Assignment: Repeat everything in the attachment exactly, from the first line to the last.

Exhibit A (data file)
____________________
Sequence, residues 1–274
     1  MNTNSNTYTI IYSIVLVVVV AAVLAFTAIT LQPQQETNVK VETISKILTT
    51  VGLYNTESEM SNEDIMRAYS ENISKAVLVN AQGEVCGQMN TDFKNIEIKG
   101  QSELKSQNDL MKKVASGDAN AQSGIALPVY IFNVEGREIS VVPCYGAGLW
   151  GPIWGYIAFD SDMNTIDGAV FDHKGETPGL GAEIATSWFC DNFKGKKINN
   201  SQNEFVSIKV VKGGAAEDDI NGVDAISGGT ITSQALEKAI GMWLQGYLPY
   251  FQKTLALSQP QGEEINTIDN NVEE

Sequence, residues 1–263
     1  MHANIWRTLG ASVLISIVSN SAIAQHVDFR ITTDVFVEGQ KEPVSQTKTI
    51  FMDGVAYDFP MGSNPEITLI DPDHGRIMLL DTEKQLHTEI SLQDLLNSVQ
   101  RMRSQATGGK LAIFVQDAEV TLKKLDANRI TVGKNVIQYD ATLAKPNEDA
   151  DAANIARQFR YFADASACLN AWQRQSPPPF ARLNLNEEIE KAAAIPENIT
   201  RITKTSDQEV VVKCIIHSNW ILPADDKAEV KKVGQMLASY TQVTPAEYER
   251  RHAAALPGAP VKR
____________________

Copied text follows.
Sequence, residues 1–274
     1  MNTNSNTYTI IYSIVLVVVV AAVLAFTAIT LQPQQETNVK VETISKILTT
    51  VGLYNTESEM SNEDIMRAYS ENISKAVLVN AQGEVCGQMN TDFKNIEIKG
   101  QSELKSQNDL MKKVASGDAN AQSGIALPVY IFNVEGREIS VVPCYGAGLW
   151  GPIWGYIAFD SDMNTIDGAV FDHKGETPGL GAEIATSWFC DNFKGKKINN
   201  SQNEFVSIKV VKGGAAEDDI NGVDAISGGT ITSQALEKAI GMWLQGYLPY
   251  FQKTLALSQP QGEEINTIDN NVEE

Sequence, residues 1–263
     1  MHANIWRTLG ASVLISIVSN SAIAQHVDFR ITTDVFVEGQ KEPVSQTKTI
    51  FMDGVAYDFP MGSNPEITLI DPDHGRIMLL DTEKQLHTEI SLQDLLNSVQ
   101  RMRSQATGGK LAIFVQDAEV TLKKLDANRI TVGKNVIQYD ATLAKPNEDA
   151  DAANIARQFR YFADASACLN AWQRQSPPPF ARLNLNEEIE KAAAIPENIT
   201  RITKTSDQEV VVKCIIHSNW ILPADDKAEV KKVGQMLASY TQVTPAEYER
   251  RHAAALPGAP VKR